Beginning in 1987, Atlanta-based photographer Billy Howard shot people with HIV/AIDS and asked them to write a note on the prints about living with disease. In July 2016, a collection of work from his Epitaphs for the Living: Words and Images in the Time of AIDS project opened to researchers in the Rose Library.
“This collection adds significantly to the wide range of stories told by the Rose Library as we seek to document the vicissitudes of human experience, through all of its depth, struggles, and artistry,” Magee notes.
The collection contains photographs with the handwritten messages, correspondence, negatives, printed material, subject files, and audiovisual material related to the Epitaphs project. Also included are two exhibition guest books containing viewers’ written reactions to seeing the photographs.
“I was bowled over the first time I saw Billy’s photographs. They were so powerful,” says Randy Gue, curator of the Rose Library’s modern political and historical collections. “The combination of words and images put a face and story to an epidemic that is often described with statistics.”
Howard was the director of photographic services at Emory University during the time he worked on the project, and he says the support and encouragement he received, from then-Emory President James Laney to his direct supervisor and coworkers, was invaluable to the completion of the work.
"When I heard that Randy Gue was gathering materials to document Atlanta’s response to AIDS in the early years of the pandemic, I felt it was the perfect place. It’s like they are going home," says Howard.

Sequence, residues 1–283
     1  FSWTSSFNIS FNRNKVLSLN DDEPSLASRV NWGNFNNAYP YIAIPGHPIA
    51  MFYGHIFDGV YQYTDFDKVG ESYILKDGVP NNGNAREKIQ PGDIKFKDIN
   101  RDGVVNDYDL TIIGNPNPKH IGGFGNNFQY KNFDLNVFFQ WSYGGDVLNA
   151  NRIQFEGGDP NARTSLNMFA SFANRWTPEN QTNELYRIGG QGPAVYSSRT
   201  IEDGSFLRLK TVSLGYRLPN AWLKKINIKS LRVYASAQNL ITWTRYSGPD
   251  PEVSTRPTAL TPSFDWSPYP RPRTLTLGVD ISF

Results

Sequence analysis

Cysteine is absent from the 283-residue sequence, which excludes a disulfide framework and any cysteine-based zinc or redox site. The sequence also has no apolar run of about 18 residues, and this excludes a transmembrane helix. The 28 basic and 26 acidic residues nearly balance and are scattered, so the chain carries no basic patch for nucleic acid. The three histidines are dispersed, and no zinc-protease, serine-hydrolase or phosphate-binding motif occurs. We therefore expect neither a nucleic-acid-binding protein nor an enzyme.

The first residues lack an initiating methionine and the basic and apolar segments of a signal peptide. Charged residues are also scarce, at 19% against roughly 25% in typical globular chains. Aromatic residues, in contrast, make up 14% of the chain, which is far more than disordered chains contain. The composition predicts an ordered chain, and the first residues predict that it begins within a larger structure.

Gue says Howard’s collection represents an important addition to the Rose Library’s materials that document the HIV/AIDS crisis in Atlanta and the South. These collections include the personal papers of Jesse R. Peel, David A. Lowe, and Rebecca Ranson; and the records of AID Atlanta; the Atlanta Gay Men’s Chorus; Positive Impact; and the Southeastern Arts, Media, and Education Project (SAME).
“There were few treatment options in the early days of the epidemic; AIDS was a death sentence,” Gue says. “Billy started working on this project in 1987, and by the time the book was published in 1989, 18 of the people he photographed had died. The photographs and notes provide a valuable perspective on the history and evolution of an epidemic that is still with us today.”
for civil rights
Gene Patterson (right) talks with Ralph McGill at the Atlanta Constitution in 1960, the year Patterson succeeded McGill as editor. Image from the Gene Patterson papers, Rose Library at Emory University.
In November, the Rose Library acquired the papers of the late Eugene Patterson, Pulitzer Prize–winning journalist, editor of the Atlanta Constitution and the Washington Post, and a significant voice for civil rights in the 1960s.
Patterson’s papers include correspondence, photographs, subject files, and six large scrapbooks filled with his daily columns. As editor of the Atlanta Constitution, Patterson received widespread national attention for his column “A Flower for the Graves,” about the Birmingham church bombing that killed four young girls on September 15, 1963. The column, published the next day, was so moving that Patterson was invited to read it aloud that night on the CBS Evening News with Walter Cronkite.
The year 2016 marked the 50th anniversary of the year Patterson was writing the columns that won him the 1967 Pulitzer Prize for editorial columns.
“This collection covers so many rich moments in history,” says Hank Klibanoff, professor of practice in Emory’s English and Creative Writing program, who teaches a course on Georgia civil rights cold cases.
Magee says the library is honored to house Patterson's work. "Mr. Patterson’s life, his work, and his legacy connect to so many of our collections in the search for deeper understanding of a historical moment, providing insight into our own time," she says. "Students and scholars alike will find his journey one of truth and inspiration.”